We will try and support them as much as possible through any further education they go to, support them as young adults to live in our home and save for a deposit and perhaps, if we have made it, given them a lump sum (though it will be small) from the tax free element of our pensions when we first take them.

If we are fit and healthy enough we'll offer to support childcare by maybe offering them a day each.

Wish we could do more 🤷🏼‍♀️

Aheraldangel Tue 17-Dec-19 10:55:24

My parents lent us a two thirds of our deposit and my mother in law the other third, just to get us out of awful rented accommodation, after we'd been evicted from our previous rented accommodation because the landlord went bankrupt. We bought a tiny 2 bed new terraced house in a village for £62k 22 years ago. When we moved five years later we offered to pay the parents back and they didn't want it. They used some savings for the money. There were no legal agreements. They offered, we didn't ask. We were extremely lucky, as we didn't earn enough to save up a deposit and would not have managed to buy otherwise.

mondaynitelive Tue 17-Dec-19 10:58:03

No help from parents. I bought a flat in London with 6% cashback and was able to save £6 for my deposit.

That was in 2001. If I'd waited I couldn't afford it now. I've since used the profits of a sale to move up to a house.

17CherryTreeLane Tue 17-Dec-19 11:56:50

I worked from age 17 to 19, living at home. My parents took a third of everything I earned, including overtime (I did loads of overtime!). When I was 19, I found a flat I wanted to buy & they gave me £2k back from the money I'd given them, to use as a deposit.

I had no furniture other than a bed a first, and no carpets, but I loved it!

meow1989 Tue 17-Dec-19 11:56:56

My parents had a saving account for me (and my sister) which was worth a fair amount when I got it at 18. This provided a base level of savings that I used to buy my first car etc but that always remained to some extent. When I finished uni and got a job I was able to add to it from there. Dh parents gifted money to match what I could put down on a deposit and we used help to buy to buy our house.

I am.aware that we are incredibly lucky and we have a savings account for our son to hopefully be able to provide him with a similar opportunity when he is 18 (currently 17 months)

pinknsparkly Tue 17-Dec-19 12:19:38

My parents instilled the importance of saving into us from a very young age and also gave us £2500 when we got married which helped towards our house purchasing costs. However, coming from a generation who believed that house prices doubled every 5 years, they constantly told me to buy a house from the age of 18. We bought last year, aged 32, after settling in an area that we will be having to live in for the foreseeable future. Up to that point, I wasn't willing to give up the flexibility of being able to move and switch jobs as I wished (and was on a series of fixed term study/training posts with no guaranteed job at the end) which caused no end of arguments with them! I'm pleased to now own a property if for no other reason than not having to argument my case for remaining in rented accommodation every time we see them smile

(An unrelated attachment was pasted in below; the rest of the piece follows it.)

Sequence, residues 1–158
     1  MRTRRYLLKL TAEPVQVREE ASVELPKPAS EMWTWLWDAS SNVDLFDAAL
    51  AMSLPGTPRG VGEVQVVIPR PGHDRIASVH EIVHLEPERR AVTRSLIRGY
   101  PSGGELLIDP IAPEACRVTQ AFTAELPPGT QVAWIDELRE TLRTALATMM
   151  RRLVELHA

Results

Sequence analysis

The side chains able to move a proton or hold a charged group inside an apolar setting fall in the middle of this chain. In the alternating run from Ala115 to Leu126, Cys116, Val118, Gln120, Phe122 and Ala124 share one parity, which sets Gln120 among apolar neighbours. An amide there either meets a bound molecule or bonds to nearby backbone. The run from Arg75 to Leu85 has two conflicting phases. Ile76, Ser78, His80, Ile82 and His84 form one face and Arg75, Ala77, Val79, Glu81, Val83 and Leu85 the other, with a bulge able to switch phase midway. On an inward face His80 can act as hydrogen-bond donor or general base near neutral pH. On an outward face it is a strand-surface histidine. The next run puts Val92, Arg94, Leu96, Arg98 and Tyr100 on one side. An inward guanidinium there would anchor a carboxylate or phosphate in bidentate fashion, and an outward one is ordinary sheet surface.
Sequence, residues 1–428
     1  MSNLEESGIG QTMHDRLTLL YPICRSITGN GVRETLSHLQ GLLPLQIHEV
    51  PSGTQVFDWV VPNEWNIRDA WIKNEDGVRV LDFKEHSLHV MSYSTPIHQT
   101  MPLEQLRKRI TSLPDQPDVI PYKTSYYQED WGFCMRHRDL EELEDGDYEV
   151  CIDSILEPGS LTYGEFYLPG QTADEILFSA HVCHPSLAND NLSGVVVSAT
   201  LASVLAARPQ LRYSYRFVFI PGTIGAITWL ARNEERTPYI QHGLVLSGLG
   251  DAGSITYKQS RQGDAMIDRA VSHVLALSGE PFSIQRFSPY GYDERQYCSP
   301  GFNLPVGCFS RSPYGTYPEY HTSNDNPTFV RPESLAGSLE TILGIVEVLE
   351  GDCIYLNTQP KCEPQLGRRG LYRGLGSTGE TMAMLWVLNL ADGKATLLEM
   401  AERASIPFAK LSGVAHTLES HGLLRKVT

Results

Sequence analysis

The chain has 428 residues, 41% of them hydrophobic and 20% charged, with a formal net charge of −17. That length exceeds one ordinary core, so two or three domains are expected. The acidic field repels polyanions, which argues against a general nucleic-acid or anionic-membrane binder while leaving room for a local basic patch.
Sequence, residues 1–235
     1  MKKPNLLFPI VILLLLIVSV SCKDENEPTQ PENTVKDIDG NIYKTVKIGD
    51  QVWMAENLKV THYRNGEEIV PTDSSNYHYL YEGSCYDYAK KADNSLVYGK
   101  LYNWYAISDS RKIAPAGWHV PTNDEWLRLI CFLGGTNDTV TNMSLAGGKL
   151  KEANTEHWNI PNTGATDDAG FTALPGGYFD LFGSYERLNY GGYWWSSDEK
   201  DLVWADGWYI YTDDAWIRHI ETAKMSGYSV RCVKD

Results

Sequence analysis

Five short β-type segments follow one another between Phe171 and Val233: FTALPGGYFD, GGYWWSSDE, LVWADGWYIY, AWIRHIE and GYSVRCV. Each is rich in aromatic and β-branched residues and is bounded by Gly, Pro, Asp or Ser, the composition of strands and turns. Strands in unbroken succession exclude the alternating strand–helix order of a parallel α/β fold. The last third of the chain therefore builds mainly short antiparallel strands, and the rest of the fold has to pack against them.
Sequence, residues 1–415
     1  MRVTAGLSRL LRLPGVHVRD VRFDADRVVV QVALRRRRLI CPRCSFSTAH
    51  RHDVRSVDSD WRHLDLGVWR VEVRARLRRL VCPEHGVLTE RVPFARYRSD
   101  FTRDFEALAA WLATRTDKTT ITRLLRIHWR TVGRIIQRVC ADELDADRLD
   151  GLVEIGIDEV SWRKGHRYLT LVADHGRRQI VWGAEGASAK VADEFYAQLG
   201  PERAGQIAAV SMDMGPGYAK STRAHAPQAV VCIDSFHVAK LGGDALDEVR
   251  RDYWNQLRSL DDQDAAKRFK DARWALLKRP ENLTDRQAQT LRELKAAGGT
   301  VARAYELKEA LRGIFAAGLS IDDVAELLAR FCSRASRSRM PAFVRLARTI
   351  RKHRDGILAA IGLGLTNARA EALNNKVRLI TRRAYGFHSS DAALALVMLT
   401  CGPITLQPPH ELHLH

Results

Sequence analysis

munchbunch12 Tue 17-Dec-19 12:30:41

I didn't get any help from my parents with our first purchase, me and DH just saved up the deposit, although it was a HA buy 50% rent 50% property, so it was very do-able.

moggle Tue 17-Dec-19 12:35:15

My dad offered to lend us money to help get our deposit over 10% so that we could get a cheaper mortgage rate (this was in 2009 so shortly after the credit crunch started). We already had savings but not enough really for the relatively expensive area we wanted to buy in and dad was keen that we didn’t wait much longer while prices were continuing to rise. In the end we got a “lend a hand” mortgage where savings from family were locked up in a savings account for the fixed term of the mortgage (I think 3 or 4 years?). Dad got 4% on that which was way more than other accounts were offering at the time, so he was pretty pleased, and so were we. When the fixed term ended he got his money back and the value of our house had risen enough that we now could keep the rate without his help. It was a great mortgage product!
When we moved again just before our first DC was born, my mum and dad just came to help on moving day :-D

RaininSummer Tue 17-Dec-19 12:39:12

No help at all. I don't think they were ever in a position to help myself and my sister to that large degree.

SocksOnTheBeach Tue 17-Dec-19 12:42:50

My mom didn't. I'm not a spoilt rich kid. I earned my own money and bought my own house.

Twickerhun Tue 17-Dec-19 12:47:34